Parents have an important job when they are divorcing and have children between the ages of 6 and 8. Children need to feel loved by both parents without guilt, shame, or blame, and should not be made to feel they must pick one parent over another. Attorneys and objective family members can help you to avoid bad comments or conflict negatively impacting the children.
Bonding Time with Both Parents
Whether a parent believes the other parent deserves time and emotional attachment with the other, it is in the best interests of the child to allow this to happen. Children age 6 to 8 learn competency and self-concept development and will feel extremely sad about the divorce. They can be traumatized when a parent leaves, even if they don't have a very close relationship with the parent who is going.
Since children often are hopeful that their parents may reunite, they may begin acting very helpful or good. It is a good idea to keep conflict and details of the divorce away from the children. Children may become preoccupied or inattentive, misbehave in school, or fake illnesses to avoid school because they feel upset, or even to blame, about the family's problems. Parents should notify theschool of a pending divorce.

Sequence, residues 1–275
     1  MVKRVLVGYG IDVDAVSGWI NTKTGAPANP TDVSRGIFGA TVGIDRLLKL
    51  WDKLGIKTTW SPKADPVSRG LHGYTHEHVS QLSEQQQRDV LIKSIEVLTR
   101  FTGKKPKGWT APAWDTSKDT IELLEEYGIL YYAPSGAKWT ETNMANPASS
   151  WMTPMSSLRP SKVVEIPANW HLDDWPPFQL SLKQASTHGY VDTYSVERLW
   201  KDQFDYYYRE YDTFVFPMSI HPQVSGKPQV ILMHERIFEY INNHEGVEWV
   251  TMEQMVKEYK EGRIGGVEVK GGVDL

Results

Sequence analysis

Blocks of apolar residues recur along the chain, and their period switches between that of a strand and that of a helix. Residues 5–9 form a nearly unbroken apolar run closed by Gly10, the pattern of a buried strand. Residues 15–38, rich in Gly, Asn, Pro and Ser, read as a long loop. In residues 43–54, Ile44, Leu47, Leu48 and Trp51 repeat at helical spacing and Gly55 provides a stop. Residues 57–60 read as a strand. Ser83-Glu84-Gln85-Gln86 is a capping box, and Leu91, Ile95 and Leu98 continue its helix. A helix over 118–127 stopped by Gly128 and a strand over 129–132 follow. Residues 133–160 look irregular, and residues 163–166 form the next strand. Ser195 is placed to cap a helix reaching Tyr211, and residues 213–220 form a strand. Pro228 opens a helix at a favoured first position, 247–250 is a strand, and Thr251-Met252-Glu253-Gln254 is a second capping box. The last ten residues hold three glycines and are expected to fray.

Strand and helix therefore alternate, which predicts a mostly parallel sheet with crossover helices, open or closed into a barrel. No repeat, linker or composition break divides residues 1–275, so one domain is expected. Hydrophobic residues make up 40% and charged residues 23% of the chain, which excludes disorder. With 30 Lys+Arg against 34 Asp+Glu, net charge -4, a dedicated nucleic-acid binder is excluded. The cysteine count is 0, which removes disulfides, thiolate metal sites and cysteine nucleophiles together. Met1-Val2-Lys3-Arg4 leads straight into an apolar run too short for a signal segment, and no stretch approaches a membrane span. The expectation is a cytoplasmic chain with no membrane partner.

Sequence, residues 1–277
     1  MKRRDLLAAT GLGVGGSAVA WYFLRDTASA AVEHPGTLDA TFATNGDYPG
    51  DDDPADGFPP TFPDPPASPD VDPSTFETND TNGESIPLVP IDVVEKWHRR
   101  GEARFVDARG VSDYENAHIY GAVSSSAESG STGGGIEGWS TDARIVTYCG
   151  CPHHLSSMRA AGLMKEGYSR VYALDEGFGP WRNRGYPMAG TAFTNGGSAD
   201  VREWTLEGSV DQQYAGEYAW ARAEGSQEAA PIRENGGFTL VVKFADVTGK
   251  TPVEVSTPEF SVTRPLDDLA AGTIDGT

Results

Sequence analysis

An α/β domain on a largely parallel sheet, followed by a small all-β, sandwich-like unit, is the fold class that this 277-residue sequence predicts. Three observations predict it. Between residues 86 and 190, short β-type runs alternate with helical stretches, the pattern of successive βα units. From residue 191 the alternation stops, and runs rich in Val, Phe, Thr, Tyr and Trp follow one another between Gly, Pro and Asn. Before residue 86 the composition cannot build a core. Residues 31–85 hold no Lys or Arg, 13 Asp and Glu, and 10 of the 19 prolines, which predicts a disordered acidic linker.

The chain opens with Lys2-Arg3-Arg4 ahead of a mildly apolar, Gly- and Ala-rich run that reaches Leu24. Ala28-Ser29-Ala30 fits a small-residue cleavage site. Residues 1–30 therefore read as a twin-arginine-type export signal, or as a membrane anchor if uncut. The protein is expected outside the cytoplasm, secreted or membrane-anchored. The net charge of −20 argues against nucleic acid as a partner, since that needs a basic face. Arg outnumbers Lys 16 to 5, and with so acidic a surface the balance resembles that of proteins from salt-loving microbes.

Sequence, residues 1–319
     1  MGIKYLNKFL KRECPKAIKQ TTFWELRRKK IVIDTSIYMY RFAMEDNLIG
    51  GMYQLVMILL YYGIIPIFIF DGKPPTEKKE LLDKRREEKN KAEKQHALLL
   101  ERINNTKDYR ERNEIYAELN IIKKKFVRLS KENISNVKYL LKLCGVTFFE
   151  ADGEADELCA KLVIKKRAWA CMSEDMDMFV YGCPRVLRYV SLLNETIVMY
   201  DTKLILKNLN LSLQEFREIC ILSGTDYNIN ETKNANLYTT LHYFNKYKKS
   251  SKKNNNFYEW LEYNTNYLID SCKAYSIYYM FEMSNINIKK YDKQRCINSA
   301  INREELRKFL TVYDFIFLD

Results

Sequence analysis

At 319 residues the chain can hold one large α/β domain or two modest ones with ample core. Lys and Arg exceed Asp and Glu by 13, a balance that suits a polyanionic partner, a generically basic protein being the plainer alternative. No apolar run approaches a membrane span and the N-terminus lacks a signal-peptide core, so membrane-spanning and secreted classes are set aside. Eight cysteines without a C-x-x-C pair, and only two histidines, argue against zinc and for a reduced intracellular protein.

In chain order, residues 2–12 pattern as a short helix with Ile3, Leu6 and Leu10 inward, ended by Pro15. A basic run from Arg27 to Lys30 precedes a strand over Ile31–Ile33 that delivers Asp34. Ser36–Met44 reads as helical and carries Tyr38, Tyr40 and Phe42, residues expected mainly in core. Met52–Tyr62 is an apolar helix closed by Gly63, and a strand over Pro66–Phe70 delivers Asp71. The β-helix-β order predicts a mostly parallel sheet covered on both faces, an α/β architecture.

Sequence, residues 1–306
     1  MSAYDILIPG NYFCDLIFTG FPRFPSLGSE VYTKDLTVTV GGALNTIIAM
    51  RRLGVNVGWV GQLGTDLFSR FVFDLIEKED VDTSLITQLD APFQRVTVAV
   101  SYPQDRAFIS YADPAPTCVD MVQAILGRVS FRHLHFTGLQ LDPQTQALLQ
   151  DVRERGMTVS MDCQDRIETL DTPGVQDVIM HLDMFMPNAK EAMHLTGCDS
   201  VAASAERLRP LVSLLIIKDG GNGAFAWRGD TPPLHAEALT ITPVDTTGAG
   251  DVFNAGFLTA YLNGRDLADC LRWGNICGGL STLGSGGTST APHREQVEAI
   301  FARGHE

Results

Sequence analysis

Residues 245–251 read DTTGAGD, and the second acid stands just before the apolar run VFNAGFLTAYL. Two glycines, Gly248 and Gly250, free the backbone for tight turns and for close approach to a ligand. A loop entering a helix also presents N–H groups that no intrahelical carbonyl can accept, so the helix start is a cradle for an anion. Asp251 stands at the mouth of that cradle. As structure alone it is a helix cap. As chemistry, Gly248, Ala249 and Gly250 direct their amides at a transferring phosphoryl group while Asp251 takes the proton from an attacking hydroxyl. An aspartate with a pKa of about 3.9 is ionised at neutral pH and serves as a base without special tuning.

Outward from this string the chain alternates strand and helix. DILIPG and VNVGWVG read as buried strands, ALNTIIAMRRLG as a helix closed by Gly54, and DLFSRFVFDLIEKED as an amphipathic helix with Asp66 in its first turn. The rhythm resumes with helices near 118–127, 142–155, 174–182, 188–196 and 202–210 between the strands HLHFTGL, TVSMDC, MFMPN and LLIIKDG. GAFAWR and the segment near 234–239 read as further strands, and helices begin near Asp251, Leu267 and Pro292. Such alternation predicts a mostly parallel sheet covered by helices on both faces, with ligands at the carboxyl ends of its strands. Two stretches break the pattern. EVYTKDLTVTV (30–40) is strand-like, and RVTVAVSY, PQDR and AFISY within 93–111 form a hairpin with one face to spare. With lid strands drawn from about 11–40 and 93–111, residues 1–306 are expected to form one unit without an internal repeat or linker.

Period of Transition
When developing a parenting plan, parents should consider this time is a period of transition and self-discovery for your children. They are choosing friends and are gaining independence by attending school. School can aid in the transitions between the two homes. Depending on schedules, children could be separated from one parent for up to five days at a time. During these times, both parents should stay involved in school and other activities. Caretaking arrangements should be consistent and predictable for children. A therapist should become involved if conflicts arise.